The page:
I first saw the Woodstock movie as a 7 year old in Moscow. I think it was on network TV to showcase the ‘American perversion and result of brute capitalism of the US’ or something like that… I vividly remember standing in the middle of our living room and watching the mud people, and Joe Cocker doing the most memorable (and spastic) version of “with a little help of my friends”… and that was it, I was hooked, I was a hippie-dude. Anything American was always overtly intriguing (as an antiestablishment statement), besides they were playing in mud and I’m 7!

Years later I found myself in New Jersey, and well within driving range of the site where it all went down. My first time there was as a road trip during college… This reporter from a Sullivan County paper let us know “it wont be there for long” and that millionaire Alan Gerry is going to “develop the holy bowl” and gave us a few copies of a local newspaper. She also let us know about the Woodstock Preservation Alliance… and again I was hooked, and tried to help out as much as a distracted college student could. I wasn’t going to get arrested for trespassing though, and so ‘we’ lost and Bethel Woods was built (though the bowl was never developed).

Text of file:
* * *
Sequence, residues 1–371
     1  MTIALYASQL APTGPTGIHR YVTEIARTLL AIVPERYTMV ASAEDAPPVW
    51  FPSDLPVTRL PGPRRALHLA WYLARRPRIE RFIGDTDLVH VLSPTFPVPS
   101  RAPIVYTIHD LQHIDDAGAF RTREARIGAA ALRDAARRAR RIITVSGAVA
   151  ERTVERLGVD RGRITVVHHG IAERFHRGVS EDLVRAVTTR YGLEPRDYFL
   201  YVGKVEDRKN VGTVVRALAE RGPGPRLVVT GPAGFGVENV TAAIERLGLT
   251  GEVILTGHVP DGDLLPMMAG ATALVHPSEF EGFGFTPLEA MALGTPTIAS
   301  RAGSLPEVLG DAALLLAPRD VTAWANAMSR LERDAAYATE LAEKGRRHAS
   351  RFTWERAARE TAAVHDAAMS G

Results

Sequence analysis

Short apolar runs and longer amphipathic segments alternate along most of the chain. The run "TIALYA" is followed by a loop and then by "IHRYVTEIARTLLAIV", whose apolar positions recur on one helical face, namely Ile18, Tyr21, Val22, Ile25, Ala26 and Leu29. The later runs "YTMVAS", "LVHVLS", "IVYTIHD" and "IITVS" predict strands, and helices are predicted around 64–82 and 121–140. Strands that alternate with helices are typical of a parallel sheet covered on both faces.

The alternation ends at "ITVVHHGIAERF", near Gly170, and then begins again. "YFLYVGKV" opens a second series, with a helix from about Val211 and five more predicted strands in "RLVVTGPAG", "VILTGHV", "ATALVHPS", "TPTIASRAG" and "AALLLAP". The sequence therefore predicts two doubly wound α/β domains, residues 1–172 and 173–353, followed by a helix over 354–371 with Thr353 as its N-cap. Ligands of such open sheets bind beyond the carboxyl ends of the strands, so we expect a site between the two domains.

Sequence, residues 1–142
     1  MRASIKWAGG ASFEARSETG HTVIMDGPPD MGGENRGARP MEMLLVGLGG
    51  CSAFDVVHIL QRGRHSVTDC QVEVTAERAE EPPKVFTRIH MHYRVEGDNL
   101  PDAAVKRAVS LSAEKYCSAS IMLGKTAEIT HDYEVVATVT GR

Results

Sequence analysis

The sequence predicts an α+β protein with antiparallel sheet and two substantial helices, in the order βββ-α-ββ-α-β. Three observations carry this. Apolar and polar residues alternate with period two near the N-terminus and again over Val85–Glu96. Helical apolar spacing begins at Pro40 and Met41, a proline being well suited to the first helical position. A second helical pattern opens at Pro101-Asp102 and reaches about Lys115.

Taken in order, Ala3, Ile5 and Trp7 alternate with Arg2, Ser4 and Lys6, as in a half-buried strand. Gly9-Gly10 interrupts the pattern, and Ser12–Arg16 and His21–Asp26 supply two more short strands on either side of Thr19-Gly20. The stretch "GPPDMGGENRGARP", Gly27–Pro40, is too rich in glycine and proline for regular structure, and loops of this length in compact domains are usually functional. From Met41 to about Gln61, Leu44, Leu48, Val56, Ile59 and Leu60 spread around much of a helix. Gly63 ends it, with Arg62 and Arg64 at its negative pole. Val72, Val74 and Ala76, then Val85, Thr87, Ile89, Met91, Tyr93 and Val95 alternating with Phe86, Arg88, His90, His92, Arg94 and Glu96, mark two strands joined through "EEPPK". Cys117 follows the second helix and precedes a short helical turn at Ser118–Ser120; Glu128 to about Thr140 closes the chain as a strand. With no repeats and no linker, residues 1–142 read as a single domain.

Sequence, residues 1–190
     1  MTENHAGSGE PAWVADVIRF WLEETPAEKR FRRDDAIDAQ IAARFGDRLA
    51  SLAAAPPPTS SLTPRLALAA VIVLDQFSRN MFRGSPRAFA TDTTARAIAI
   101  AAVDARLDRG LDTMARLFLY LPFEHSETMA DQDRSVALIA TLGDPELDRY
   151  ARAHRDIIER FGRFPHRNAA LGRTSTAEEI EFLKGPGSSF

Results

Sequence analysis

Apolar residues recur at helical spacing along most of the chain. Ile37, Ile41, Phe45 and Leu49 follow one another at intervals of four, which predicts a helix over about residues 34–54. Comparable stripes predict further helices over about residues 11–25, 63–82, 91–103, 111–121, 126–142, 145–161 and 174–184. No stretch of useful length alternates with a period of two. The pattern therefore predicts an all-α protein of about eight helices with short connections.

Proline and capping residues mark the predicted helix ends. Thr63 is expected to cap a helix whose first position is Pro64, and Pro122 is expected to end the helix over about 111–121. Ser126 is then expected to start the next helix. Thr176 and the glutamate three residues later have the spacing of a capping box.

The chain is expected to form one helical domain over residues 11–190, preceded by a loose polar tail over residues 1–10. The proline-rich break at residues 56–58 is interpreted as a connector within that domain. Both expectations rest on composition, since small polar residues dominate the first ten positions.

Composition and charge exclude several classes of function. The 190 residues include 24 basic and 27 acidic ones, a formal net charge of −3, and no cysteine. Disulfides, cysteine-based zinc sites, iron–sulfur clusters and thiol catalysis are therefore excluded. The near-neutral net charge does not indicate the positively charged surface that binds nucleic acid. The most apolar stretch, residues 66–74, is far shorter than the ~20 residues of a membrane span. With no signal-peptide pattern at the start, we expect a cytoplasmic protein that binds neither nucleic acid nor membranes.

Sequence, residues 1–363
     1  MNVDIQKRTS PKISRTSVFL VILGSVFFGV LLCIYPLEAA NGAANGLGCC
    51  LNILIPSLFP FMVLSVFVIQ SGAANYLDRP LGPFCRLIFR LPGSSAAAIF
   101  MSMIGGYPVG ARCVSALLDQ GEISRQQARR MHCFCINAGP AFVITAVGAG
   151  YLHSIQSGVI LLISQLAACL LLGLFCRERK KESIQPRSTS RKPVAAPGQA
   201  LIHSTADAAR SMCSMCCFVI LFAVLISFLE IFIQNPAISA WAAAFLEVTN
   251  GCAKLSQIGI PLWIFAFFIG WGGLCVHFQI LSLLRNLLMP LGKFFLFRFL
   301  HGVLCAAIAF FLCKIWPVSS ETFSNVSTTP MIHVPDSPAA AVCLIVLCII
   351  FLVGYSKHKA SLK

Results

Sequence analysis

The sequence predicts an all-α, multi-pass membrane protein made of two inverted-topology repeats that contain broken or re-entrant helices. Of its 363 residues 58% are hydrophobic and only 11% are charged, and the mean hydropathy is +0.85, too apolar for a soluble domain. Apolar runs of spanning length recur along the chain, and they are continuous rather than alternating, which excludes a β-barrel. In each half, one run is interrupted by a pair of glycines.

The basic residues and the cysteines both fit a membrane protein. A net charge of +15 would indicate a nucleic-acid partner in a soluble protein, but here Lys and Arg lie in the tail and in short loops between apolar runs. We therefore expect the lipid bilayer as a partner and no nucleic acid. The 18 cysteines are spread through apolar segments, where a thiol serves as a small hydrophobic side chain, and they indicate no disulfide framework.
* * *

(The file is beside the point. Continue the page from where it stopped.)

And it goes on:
Long story short, I’m a huge Woodstock fan, and I feel as if that empowers me in one way or another … Ok ok, before I completely go off the charts with the sobbing clichés, let’s get something out of the way… Yes, I know I’m 27, and of course I was not there. But none of you reading this were there either, or anyone you know. Only four to five hundred thousand people were, but they did not include President Obama, or his parents.

Last weekend was the 40th anniversary, and I was up at Bethel Woods seeing the Heroes of Woodstock and DVR’d “Woodstock: Then and Now” documentary on the History Channel… mostly a great account of the event, but as a person who, per the above, considers himself rather knowledgeable and involved in the ‘spirit of Woodstock’ I was genuinely disappointed by the 5 minute cockamamie editorial ending comparing ‘my’ event to the Obama inauguration.

I don’t seem to be the only one to think this is absurd, and fully discredited the documentary and quite possibly the History Channel as a whole (check out this board discussion, twitter search and blogpost)… Even as an Obama supporter and voter, I fail to see how on earth Obama turned into Forrest Gump, in the sense that he’s become the cause for and the result of every possibly imaginable major event in recent past.